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Novel sorafenib-based structural analogues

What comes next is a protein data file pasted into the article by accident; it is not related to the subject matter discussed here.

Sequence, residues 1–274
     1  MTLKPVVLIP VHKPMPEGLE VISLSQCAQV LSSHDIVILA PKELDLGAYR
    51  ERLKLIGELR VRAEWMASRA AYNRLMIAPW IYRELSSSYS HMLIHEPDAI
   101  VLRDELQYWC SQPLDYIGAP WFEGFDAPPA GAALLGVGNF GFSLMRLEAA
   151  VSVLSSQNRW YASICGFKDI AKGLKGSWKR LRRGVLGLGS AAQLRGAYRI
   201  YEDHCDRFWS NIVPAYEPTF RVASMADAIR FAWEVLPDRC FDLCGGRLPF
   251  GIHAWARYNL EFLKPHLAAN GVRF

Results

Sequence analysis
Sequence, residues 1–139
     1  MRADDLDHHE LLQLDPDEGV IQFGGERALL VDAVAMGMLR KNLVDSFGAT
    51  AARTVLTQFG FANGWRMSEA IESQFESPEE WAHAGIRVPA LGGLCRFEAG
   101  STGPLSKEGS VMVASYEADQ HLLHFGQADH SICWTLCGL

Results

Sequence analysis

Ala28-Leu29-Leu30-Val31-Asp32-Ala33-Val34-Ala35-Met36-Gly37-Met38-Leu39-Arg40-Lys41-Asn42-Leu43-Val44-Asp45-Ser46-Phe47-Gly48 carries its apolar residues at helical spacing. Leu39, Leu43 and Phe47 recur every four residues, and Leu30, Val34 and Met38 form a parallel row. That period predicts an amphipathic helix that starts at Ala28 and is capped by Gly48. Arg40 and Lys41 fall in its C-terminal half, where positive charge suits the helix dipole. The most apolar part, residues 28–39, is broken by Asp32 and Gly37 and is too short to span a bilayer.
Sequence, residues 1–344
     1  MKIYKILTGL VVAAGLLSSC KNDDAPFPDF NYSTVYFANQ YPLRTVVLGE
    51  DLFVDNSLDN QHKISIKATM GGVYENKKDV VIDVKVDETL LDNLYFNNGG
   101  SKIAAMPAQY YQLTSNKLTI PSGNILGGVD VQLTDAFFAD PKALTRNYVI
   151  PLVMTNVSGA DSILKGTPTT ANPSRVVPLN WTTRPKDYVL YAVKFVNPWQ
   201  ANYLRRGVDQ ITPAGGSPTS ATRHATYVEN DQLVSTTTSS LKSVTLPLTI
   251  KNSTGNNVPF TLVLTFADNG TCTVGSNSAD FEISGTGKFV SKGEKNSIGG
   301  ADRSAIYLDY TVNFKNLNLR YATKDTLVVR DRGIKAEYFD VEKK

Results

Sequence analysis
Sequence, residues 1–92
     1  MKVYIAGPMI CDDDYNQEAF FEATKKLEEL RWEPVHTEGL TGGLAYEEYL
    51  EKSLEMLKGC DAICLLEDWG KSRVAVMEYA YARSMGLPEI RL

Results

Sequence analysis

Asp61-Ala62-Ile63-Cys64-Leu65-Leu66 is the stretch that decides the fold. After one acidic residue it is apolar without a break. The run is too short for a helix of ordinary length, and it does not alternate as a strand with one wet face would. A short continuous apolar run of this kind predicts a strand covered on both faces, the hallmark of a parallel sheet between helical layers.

In the current work, we carried out a mechanistic study on the cytotoxicity of two compounds, trans-4-[4-(3-adamantan-1-yl-ureido)-cyclohexyloxy]-N-methyl-benzamide (t-AUCMB) and trans-N-methyl-4-{4-[3-(4-trifluoromethoxy-phenyl)-ureido]-cyclohexyloxy}-benzamide (t-MTUCB), that are structurally similar to sorafenib. These compounds show strong cytotoxic responses in various cancer cell lines, despite significant differences in the induction of apoptotic events such as caspase activation and lactate dehydrogenase release in hepatoma cells. Both compounds induce autophagosome formation and LC3I cleavage, but there was little observable effect on mTORC1 or the downstream targets, S6K1 and 4E-binding protein. In addition, there was an increase in the activity of upstream signaling through the IRS1/PI3K/Akt-signaling pathway, suggesting that, unlike sorafenib, both compounds induce mammalian target of rapamycin (mTOR)-independent autophagy. The autophagy observed correlates with mitochondrial membrane depolarization, apoptosis-inducing factor release, and oxidative stress-induced glutathione depletion. However, there were no observable changes in the endoplasmic reticulum-stress markers such as binding immunoglobulin protein, inositol-requiring enzyme-α, phosphorylated eukaryotic initiation factor 2, and the lipid peroxidation marker, 4-hydroxynonenal, suggesting endoplasmic reticulum-independent oxidative stress. Finally, these compounds do not have the multikinase inhibitory activity of sorafenib, which may be reflected in their difference in the ability to halt cell cycle progression compared with sorafenib. Our findings indicate that both compounds have anticancer effects comparable with sorafenib in multiple cell lines, but they induce significant differences in apoptotic responses and appear to induce mTOR-independent autophagy. t-AUCMB and t-MTUCB represent novel chemical probes that are capable of inducing mTOR-independent autophagy and apoptosis to differing degrees, and may thus be potential tools for further understanding the link between these two cellular stress responses.

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